Animal care: American farmers and ranchers ‘get it’
Farmers and ranchers have always adhered to sound principles of animal care for their livestock.
Society’s views on animal welfare, on the other hand, continue to evolve.
Today, people are becoming more concerned for the animal’s quality of life.
While there are fringe groups, “activists” if you will, many people have honest questions and concerns about the quality of life for food animals.
Who are these people?
Some are like you. Others may be like me.
They are not opposed to eating meat. They just want to know that while that sow is going through the production cycle she has a reasonable quality of life.
Consumers want to know animals are not abused, or subjected to inhumane conditions. They believe animals should be well cared for and the people who care for them honestly care for them.
Farmers and ranchers cannot single out anyone and place blame for these changing societal views. Instead, the agricultural sector must view this as our culture and society coming to terms with new types of social issues. It just so happens that animals have become integrated into this process.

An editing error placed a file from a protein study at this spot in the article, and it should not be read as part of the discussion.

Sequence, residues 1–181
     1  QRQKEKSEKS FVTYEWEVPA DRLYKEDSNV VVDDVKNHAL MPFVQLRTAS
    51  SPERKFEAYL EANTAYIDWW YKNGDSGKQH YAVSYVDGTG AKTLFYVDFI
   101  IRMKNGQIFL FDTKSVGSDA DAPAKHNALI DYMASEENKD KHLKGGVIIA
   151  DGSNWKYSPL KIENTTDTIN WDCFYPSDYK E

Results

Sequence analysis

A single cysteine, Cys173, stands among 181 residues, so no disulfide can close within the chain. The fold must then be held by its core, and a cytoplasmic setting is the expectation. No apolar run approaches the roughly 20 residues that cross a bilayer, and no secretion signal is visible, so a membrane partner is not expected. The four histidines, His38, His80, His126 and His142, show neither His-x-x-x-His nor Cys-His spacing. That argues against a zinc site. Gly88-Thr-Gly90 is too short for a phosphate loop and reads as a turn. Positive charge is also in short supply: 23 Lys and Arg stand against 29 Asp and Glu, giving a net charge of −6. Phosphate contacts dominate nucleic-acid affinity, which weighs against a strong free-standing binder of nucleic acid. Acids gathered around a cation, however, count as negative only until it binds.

One reason for this new interest in animal welfare may be that Western European, Japanese and U.S. consumers do not have to worry about where their next meal comes from.
U.S. citizens have time to contemplate the quality of life for animals in this country, but few of us want to change our own lifestyles.
Farmers and ranchers – those people who provide our food – will have to continue to accept and use sound animal husbandry practices. If agricultural producers honestly show they are putting effort into meeting a standard of care that’s beneficial and conducive to a healthy living standard, the public will accept and embrace those who raise and care for livestock.
Agricultural producers must stay tuned in to societal and consumer concerns and be responsive industry wide while enhancing the well-being of their livestock.
That said, today’s consumers will continue to regard agriculture highly and embrace a food which they enjoy and feel good about.
John Schlageck, a Hoxie native, is a leading commentator on agriculture and rural Kansas. Born and raised on a diversified farm in northwestern Kansas, his writing reflects a lifetime of experience, knowledge and passion.